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Roy Campbell:

An Inventory of His Collection at the Harry Ransom Center

Creator: Campbell, Roy, 1901-1957
Title: Roy Campbell Collection
Dates: 1920-1987 (bulk 1942-1957)
Extent: 4 document boxes (1.68 linear feet), 1 galley file (gf)
Abstract: The Ransom Center's collection of Roy Campbell spans the years 1920 to 1987 and includes drafts of poems, prose works, and translations, as well as family and other correspondence. Also present are biographical and bibliographical material, including published reviews and criticism and a few photographs.
Language: English
Access:

Open for research




Acquisition:

Gifts and Purchases, 1962-1998 (G1077, G1297, G11205, R1233, R2253, R3900, R13111)

Processed by:

Bob Taylor, 2011

Repository:

The University of Texas at Austin, Harry Ransom Center


Roy Campbell was born at Durban, Natal, on October 2, 1901, to Dr. Samuel G. and Margaret Campbell, the father African-born of Ulster Scots stock, the mother a Scot. Roy grew up in the rough-hewn setting of colonial Natal, displaying an early affinity for creative writing and an active outdoor life. Sent to Britain to attend Oxford at the end of World War I, he failed his entrance exams, but defended himself by explaining to his father that "university lectures interfere very much with my work."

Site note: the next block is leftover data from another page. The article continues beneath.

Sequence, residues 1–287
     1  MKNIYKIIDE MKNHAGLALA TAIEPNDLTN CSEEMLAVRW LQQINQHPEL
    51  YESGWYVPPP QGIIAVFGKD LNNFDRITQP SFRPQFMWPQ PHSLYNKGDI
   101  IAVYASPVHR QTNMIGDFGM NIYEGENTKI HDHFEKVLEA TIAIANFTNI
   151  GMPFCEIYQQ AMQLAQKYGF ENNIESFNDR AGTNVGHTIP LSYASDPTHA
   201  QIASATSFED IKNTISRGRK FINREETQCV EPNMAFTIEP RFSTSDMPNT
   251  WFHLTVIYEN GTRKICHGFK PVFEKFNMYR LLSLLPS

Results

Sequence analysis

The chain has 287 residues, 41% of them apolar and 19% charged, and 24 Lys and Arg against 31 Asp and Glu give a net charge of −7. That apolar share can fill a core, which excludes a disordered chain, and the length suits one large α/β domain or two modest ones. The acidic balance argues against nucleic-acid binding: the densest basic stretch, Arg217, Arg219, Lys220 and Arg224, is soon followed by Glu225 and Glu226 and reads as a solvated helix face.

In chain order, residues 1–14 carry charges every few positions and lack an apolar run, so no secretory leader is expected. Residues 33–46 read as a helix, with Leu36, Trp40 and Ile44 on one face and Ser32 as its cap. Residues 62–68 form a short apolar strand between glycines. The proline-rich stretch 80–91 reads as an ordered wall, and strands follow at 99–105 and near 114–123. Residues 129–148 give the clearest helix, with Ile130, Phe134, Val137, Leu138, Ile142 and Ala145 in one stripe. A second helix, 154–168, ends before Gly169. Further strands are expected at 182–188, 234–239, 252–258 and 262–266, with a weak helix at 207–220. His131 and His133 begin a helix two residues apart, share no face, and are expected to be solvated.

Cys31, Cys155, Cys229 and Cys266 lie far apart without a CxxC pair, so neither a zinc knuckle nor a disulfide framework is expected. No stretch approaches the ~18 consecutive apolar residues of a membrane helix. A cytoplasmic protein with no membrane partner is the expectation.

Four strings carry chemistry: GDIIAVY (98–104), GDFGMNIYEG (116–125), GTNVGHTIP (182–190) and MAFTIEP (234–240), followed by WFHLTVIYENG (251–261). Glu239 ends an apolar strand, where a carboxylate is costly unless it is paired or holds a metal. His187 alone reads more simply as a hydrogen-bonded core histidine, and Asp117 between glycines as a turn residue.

Campbell plunged into a bohemian literary life, acquiring literary friends including William Walton, the Sitwells, and Wyndham Lewis. He met and married (in 1922) Mary Margaret Garman, a young beauty no less independent-minded than himself; they soon became the parents of daughters Teresa (Tess) and Anna. His first substantial work, a poem entitled The Flaming Terrapin, was written in the loft of a Welsh cowshed early in the couple's marriage and published in 1924.

In 1925, Campbell returned to Durban to help found the journal Voorslag as a vehicle to help rid southern Africa of what he saw as its smug and parochial world view. This effort failed, and upon his return to England Roy Campbell published The Wayzgoose, a South African Satire. The Wayzgoose did little for Campbell's reputation, but his following collection of poems, Adamastor, published by Faber, was well received critically.

By the end of the 1920s, Campbell's attitude toward Bloomsbury and the British intelligentsia in general had grown increasingly critical, and in 1931, after publishing The Georgiad, an anti-Bloomsbury poetic diatribe, Roy and Mary Campbell left England for the Mediterranean, settling first in Provence and by 1935 in Spain, where they were received into the Catholic Church.

The Campbells were living in Toledo, Spain, when the Spanish Civil War erupted in the summer of 1936, and Roy's witnessing the murder of Catholic priests and nuns at the hands of militiamen of the Spanish Republic provoked the final break between Roy Campbell and conventional British literary leftism. Campbell became ever more outspoken on behalf of Francisco Franco and the cause of the rebelling Spanish Nationalists, and in February 1939 published Flowering Rifle, a book-length poem filled with praise of Franco and condemnation of the Spanish Republic.